East of Constantinople, West of Shanghai

English, Spanish, French & Arabic


Today I’m posting an infographic from the South China Morning Post, graphically representing the diffusion of languages in the world or – if you prefer – the potential readership for each language.
Or, the languages that are likelier to give you a lot of mileage as you travel the world.
Or what languages a world-weary pulp adventurer could have mastered depending on the places he visited.
(be warned, it’s big)

(click to enlarge)

(click to enlarge)

Now, a thing I believe the graphic is showing clearly is the reason why your best bet for a foreign language to learn is English, Spanish or French. And then Arabic. (Oh, and Russian too… but…)
Granted, Chinese has a huge number of users – but they are all in one place.
Get out of China, and you won’t need it anymore – the same goes, at least partially, for Russian.
And Chinese is a macrolanguage – so you have a lot of languages sharing the same root and (hopefully) writing.
English, French, Spanish and Arabic have a huge diffusion – there’s a lot of places where you’ll be able to comminicate.
Then, ok, granted, everybody knows a little English these days, and anywhere in the world you’ll find someone speaking Italian, but in terms of variety, and based on these numbers, nothing beats those four languages.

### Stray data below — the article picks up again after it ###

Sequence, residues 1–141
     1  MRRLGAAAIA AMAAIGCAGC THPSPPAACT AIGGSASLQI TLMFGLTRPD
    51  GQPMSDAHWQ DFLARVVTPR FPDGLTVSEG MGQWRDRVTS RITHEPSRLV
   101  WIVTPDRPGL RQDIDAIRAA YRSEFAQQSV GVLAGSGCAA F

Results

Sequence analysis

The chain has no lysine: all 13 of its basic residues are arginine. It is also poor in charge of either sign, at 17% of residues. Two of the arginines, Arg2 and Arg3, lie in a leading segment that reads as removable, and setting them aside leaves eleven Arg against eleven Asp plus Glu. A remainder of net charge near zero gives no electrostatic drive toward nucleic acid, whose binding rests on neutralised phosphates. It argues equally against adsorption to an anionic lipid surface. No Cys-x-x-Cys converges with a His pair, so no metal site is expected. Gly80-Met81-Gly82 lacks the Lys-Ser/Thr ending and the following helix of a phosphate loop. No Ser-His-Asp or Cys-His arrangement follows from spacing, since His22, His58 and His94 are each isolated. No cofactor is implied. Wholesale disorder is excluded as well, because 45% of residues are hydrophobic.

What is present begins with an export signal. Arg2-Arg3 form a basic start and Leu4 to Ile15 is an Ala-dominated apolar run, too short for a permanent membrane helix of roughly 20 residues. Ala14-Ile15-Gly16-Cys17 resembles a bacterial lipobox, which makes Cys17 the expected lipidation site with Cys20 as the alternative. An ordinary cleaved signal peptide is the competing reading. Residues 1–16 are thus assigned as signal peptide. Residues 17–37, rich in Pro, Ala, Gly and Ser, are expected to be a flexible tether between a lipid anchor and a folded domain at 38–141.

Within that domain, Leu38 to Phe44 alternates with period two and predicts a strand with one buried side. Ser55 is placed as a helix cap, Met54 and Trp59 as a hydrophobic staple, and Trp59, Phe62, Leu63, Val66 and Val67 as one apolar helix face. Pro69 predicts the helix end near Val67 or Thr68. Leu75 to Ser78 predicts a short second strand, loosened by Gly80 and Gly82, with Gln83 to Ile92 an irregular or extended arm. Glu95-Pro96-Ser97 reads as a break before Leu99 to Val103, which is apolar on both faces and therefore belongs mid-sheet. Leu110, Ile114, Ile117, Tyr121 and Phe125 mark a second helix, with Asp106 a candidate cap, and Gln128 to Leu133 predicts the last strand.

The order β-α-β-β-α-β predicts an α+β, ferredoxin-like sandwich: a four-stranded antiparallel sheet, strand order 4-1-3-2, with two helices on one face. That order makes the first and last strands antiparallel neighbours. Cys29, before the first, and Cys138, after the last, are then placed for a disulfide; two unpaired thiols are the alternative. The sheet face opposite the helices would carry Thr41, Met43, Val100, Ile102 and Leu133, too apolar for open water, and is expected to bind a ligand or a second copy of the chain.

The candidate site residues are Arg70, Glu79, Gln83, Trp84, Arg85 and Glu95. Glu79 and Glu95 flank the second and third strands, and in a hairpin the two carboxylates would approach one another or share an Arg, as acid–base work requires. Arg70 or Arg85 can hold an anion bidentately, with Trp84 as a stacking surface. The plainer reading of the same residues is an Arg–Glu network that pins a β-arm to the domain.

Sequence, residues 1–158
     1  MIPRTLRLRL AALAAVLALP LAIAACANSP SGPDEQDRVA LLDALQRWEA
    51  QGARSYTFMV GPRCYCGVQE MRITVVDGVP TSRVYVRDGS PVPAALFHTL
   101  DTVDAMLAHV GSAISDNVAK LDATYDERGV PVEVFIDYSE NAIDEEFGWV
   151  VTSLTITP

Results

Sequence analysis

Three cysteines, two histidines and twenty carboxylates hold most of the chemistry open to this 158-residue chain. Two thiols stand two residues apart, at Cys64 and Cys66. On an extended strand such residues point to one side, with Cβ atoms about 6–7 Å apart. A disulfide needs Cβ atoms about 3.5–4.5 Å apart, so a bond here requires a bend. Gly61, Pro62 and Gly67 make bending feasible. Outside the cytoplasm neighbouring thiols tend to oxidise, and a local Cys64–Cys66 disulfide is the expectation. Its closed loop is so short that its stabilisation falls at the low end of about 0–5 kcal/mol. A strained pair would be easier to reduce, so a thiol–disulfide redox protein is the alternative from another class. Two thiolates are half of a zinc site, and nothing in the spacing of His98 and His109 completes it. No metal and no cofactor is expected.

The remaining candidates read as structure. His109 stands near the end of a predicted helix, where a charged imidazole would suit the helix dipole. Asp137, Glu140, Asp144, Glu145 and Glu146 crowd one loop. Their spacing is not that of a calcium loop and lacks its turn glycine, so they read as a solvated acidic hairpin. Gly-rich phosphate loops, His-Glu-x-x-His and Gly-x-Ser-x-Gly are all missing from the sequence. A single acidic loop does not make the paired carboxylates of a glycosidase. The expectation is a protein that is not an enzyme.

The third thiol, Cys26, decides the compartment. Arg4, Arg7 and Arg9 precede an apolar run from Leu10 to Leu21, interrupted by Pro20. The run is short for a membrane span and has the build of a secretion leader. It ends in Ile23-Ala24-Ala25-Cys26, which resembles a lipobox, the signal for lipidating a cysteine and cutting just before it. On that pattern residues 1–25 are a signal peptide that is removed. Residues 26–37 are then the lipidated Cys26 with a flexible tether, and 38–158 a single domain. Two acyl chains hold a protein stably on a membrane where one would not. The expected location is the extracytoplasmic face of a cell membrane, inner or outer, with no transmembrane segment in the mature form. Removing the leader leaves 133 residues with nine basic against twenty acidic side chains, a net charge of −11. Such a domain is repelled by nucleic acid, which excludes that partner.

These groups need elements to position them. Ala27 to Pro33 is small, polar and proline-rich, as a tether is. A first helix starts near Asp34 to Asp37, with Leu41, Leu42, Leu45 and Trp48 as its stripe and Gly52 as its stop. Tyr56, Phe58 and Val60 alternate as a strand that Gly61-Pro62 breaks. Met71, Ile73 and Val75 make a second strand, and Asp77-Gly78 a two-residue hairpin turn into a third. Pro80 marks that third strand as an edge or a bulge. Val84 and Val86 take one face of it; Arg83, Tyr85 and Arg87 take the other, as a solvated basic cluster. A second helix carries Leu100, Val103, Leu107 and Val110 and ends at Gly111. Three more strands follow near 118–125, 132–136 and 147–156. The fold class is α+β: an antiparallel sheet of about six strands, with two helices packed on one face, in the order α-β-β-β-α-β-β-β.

And all of this makes me wonder – should I scrap my order of Teach Yourself Babylonian and go for a more prosaic Teach Yourself Arabic?

INSTANT UPDATE: it has been pointed out to me – by my Orientalist brother – that the graphic does leave out a lot of info… such as all the people in the Indian Subcontinent that are fluent in English without English being the official language of their countries.
Which goes to show that graphics must always be taken with a grain of salt.

Author: Davide Mana

Paleontologist. By day, researcher, teacher and ecological statistics guru. By night, pulp fantasy author-publisher, translator and blogger. In the spare time, Orientalist Anonymous, guerilla cook.

4 thoughts on “English, Spanish, French & Arabic

  1. Hm… Can I regard this as encouragement to finally give up on German?
    English, French and Spanish I know, and my Arabic is very basic and ve-ery dusty, but I daresay I could brush it up. German, though, I loathe with a passion, no matter what pretty books I buy myself as an enticement. But I will save this infographic on my hard-disk, and seek comfort in it whenever I feel the itch to give German another chance. 🙂


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